It is therefore important to understand that, neither the issues of the urban poor and the rural society left in the periphery of this free market economy (take note; it is Colombo, Gampaha and South/South West Kurunegala that have grown with it) nor that of minority communities can be found answers for within this free market economy. All numbers played out as “GDP growth”, “per capita income”, “inflation” and “poverty” to prove the economy is stable and growing, are irrelevant to the bottom 60 percent of this society. No graduate teacher, no clerical hand in the public sector, or middle level executives in the private sector earn half the “per capita” income of 12,470 US dollars PPP (2017) that makes Sri Lanka a “middle income” country. Poverty numbers are reduced by drawing the national “poverty line” at Rs. 4,812 per month for an adult to meet all needs during a month when the Household Income and Expenditure Survey (HIES) of the Census and Statistics Dept. says a family of 04 needed Rs.43,511 to meet basic human needs in 2016. The huge disparity in wealth and income, in a city centred open market economy keeps dragging the country into more and bigger crises. That was why the “Rainbow Revolution” in 2015 January was in fact a “rainbow” and nothing more. That is also why apart from growing violent polarisation of society, this government is now a proven failure with education, health, public transport, rural development, urban planning and housing, reconciliation, social integration and everything else.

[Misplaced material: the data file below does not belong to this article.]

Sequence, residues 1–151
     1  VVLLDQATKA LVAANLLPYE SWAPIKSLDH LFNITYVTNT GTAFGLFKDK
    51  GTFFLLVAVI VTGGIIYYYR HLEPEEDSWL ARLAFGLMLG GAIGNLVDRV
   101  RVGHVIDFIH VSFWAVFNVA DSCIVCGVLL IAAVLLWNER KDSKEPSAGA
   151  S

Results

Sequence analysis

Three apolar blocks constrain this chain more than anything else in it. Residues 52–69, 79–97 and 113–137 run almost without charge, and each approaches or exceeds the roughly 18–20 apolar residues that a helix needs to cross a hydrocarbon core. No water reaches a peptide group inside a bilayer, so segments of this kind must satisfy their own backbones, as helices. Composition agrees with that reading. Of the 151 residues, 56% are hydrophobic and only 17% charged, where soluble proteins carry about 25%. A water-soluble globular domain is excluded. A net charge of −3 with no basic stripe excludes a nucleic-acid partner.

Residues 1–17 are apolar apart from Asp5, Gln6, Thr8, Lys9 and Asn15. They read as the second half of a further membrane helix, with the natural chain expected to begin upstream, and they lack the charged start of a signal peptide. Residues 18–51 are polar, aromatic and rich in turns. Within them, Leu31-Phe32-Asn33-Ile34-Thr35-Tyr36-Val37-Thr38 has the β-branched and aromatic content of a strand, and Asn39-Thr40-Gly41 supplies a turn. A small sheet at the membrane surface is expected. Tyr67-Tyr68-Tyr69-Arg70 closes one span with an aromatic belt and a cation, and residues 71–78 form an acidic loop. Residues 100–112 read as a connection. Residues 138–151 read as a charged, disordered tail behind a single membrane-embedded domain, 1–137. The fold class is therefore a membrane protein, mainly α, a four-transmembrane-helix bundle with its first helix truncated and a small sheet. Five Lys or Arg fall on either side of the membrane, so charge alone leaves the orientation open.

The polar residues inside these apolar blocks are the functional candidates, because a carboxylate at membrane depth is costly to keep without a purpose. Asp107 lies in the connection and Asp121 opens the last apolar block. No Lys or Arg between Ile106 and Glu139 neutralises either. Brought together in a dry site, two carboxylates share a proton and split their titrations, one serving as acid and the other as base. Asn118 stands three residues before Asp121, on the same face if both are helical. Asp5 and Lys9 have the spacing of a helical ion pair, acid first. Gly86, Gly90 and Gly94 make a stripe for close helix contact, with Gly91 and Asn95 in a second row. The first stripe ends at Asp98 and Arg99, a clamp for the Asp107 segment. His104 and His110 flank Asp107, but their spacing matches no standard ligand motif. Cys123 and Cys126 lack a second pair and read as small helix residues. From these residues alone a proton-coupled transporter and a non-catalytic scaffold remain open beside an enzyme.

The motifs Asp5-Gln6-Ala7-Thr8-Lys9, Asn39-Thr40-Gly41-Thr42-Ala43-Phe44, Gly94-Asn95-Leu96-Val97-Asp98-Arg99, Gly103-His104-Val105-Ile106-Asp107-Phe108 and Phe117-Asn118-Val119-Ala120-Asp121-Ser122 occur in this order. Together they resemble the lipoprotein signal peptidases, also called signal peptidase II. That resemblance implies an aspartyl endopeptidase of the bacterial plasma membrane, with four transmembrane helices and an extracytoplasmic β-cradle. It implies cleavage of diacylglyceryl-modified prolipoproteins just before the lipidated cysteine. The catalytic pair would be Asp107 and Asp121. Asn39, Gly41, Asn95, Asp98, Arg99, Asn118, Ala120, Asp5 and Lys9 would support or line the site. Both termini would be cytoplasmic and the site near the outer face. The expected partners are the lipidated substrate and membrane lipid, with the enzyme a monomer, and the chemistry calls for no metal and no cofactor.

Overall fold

This major crisis provides an opportunity to push for a “national alternative” for quality improvement of life for “All”. Its only such major crises that demands a national alternative. If everything runs smooth, society does not need an alternative. It is within this necessity for a national “alternative” for social change, that minorities can and should position themselves to gain “equality and dignity”. They therefore have to now think “national” and work towards framing their demands within a “national perspective” for socio economic development and far reaching “State reforms”. In short, they have to now come out of their “minority politics” and challenge Sinhala Buddhist politics that leads to this massive crisis on a holistic “national platform” for “participatory democracy” and “dignity of life” with quality socio economic and cultural development for “All Citizens”.